5 Reasons Why Your Website is a Garden

I’m often in a meeting trying to explain the crux of a website, and after likely 100+ of my poor car analogies. I’ve finally landed on one I can trust – your website is a garden. Let’s have some fun with it.

  1. Websites should never die – they evolve. Much like a garden, with time and resources a website can take many different functions and designs over the course of time.
  2. Websites a much deeper than what you can see. Like the roots of a garden, a website should be tied to many elements of your business – CRM, analytics, business intelligence and databases.
  3. Websites require maintenance. Like pulling weeds, old content and broken links must be removed over time. There are exceptions to this, for example, the Space Jam website and nooooooooooooooo.com.
  4. There are many tools involved. Until I Googled it for the purpose of this analogy, I had no idea there were so many tools you could use in a garden (most are sold by Canadian Tire). On a website, there are a number tools including: link checkers, readability tools and accessibility checkers at your disposal.
  5. When done right, they are beautiful! Like the amazing VanDusen Botanical VanDusen Gardens RoseGardens in Vancouver, websites can be awe-inspiring. It takes strategy, design and execution to make it all work, and when it comes together, the results can change lives.

Feel free to spread the analogy and use it wherever you can!

Defining Your Success on Twitter: Ornithology 2.0

Defining your success on twitter from Jean-Paul Rains was a presentation delivered to the #PSEWEB conference in Halifax, Nova Scotia. 
With nearly all PSE institutions on Twitter, we’ve established that it is important to have a presence. That presence has differing levels of dedicated resources, different goals and varying measures of success. Like Ornithology, this presentation will cover the study of behaviours, effectiveness, and measurements of PSE Twitter presences.

Defining your success on Twitter can be difficult, even more difficult when trying to explain it to someone who is Twilliterate. If being on Twitter is merely a way for your organization to check a box, that’s fine. But, if you are interested in taking that check box and turning it into an easily attained performance measure, this presentation is for you.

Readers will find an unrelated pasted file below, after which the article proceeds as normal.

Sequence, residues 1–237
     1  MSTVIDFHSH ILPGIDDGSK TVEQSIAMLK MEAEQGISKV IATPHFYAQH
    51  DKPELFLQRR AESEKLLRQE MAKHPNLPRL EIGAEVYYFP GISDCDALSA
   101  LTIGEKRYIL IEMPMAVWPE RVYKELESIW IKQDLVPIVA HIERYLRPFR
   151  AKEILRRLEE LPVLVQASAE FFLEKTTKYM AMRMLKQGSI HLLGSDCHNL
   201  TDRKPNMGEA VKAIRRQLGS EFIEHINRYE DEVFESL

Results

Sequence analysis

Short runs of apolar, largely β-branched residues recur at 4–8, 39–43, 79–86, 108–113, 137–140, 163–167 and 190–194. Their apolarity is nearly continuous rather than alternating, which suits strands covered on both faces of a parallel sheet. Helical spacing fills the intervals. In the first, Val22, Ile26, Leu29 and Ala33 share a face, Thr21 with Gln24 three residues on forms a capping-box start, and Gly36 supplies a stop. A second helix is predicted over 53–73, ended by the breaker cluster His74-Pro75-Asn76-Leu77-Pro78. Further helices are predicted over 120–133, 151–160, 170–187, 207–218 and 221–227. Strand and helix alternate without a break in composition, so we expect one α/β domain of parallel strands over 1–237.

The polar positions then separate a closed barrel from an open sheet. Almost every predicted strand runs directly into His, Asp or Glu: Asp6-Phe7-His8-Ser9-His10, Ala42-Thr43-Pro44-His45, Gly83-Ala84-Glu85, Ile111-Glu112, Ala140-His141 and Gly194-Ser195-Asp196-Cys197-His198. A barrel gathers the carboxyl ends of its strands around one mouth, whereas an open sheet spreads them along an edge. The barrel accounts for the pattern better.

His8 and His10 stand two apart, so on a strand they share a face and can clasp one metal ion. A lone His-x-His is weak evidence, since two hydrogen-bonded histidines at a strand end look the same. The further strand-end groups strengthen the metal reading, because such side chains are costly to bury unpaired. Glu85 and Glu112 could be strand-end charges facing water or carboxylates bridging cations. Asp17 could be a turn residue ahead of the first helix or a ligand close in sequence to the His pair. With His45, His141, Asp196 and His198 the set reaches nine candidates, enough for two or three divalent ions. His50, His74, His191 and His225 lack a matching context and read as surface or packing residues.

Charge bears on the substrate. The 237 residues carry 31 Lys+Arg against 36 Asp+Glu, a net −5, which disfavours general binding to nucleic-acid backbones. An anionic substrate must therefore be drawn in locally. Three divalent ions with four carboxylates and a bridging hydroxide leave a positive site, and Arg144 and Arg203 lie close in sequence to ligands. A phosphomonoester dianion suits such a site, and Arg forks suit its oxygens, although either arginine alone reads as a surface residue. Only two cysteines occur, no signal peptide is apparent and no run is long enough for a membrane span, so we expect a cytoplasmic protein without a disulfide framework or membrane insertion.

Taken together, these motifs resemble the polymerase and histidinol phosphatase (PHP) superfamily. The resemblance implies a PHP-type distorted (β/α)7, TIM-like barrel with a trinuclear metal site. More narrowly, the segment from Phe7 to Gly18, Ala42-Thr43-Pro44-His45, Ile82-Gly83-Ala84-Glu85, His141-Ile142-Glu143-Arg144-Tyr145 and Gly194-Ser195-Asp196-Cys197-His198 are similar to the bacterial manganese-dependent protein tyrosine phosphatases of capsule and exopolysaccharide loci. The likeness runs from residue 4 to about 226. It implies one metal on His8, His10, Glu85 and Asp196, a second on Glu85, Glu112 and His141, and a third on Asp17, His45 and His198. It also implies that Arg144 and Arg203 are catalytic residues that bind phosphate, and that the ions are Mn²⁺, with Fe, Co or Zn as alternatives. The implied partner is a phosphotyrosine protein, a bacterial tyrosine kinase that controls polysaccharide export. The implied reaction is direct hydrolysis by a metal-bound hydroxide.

Like any dedicated birdwatcher, we took a look at some of the more successful Canadian PSE Twitter accounts and aimed to find commonalities in their behaviours and how that translated to their successes.

Finally, after searching for ways to define success from # of followers, % breakdowns of interactions to 3rd party measurements, we take a look at the different ways (free!) for you to measure your success.

Look past your number of followers and turn that check box into a CEO friendly success story.

Measuring your Twitter Klout

Recently, when asked by a client how they could properly measure their success versus competitors on Twitter, I defaulted to my typical answer, but then thought it out a little more.

Initially I thought of Klout.com or Kred.com. After my cursory view of both the client and their competitor I noticed that, although the client had a much more thought out content strategy, the competitor scored higher on Klout and Kred.

After my first look, this made me think of the obvious issues that already exist in measuring Twitter success (I have reluctantly relied on these sites). Of course, they provide at least some input on the matter; they have ever improving analytics of  true reach and amplification. However I have yet to see a site be able to provide a strong measurement reflecting content effectiveness.

It is my hope that Klout, while integrated with Facebook, may be able to integrate with link shortening applications to measure engagement and click throughs on content. The actual consumption of the content can be easy to measure if you own the short links however it is quite difficult to know whether or not your RTs are being read or not. Most will contend that these will receive more RTs, however that’s likely an assumption of consumption.

No matter how you slice it, we are currently missing a big piece of the analytical pie on Twitter. The question is, which service will fill the gap first?